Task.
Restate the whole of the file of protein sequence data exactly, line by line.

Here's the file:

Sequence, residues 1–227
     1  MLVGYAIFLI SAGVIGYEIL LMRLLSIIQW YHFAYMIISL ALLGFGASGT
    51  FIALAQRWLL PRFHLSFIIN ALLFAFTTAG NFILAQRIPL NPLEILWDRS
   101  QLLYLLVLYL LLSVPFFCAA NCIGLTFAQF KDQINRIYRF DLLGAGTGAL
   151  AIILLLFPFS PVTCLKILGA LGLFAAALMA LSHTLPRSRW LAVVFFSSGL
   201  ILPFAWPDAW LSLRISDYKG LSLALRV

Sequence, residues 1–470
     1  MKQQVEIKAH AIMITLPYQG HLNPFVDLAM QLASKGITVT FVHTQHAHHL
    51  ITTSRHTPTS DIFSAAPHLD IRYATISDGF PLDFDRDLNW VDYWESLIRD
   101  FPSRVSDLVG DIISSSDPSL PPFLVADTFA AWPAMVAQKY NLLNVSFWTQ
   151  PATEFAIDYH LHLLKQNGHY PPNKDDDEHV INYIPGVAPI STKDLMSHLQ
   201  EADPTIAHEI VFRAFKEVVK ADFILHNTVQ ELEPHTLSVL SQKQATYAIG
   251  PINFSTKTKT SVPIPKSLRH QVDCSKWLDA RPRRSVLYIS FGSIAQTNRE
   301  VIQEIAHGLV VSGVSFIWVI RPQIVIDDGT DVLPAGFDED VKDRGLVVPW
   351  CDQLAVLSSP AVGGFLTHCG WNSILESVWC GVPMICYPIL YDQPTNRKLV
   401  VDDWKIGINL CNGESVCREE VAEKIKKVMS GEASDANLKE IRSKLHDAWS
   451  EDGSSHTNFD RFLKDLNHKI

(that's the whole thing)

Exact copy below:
Sequence, residues 1–227
     1  MLVGYAIFLI SAGVIGYEIL LMRLLSIIQW YHFAYMIISL ALLGFGASGT
    51  FIALAQRWLL PRFHLSFIIN ALLFAFTTAG NFILAQRIPL NPLEILWDRS
   101  QLLYLLVLYL LLSVPFFCAA NCIGLTFAQF KDQINRIYRF DLLGAGTGAL
   151  AIILLLFPFS PVTCLKILGA LGLFAAALMA LSHTLPRSRW LAVVFFSSGL
   201  ILPFAWPDAW LSLRISDYKG LSLALRV

Sequence, residues 1–470
     1  MKQQVEIKAH AIMITLPYQG HLNPFVDLAM QLASKGITVT FVHTQHAHHL
    51  ITTSRHTPTS DIFSAAPHLD IRYATISDGF PLDFDRDLNW VDYWESLIRD
   101  FPSRVSDLVG DIISSSDPSL PPFLVADTFA AWPAMVAQKY NLLNVSFWTQ
   151  PATEFAIDYH LHLLKQNGHY PPNKDDDEHV INYIPGVAPI STKDLMSHLQ
   201  EADPTIAHEI VFRAFKEVVK ADFILHNTVQ ELEPHTLSVL SQKQATYAIG
   251  PINFSTKTKT SVPIPKSLRH QVDCSKWLDA RPRRSVLYIS FGSIAQTNRE
   301  VIQEIAHGLV VSGVSFIWVI RPQIVIDDGT DVLPAGFDED VKDRGLVVPW
   351  CDQLAVLSSP AVGGFLTHCG WNSILESVWC GVPMICYPIL YDQPTNRKLV
   401  VDDWKIGINL CNGESVCREE VAEKIKKVMS GEASDANLKE IRSKLHDAWS
   451  EDGSSHTNFD RFLKDLNHKI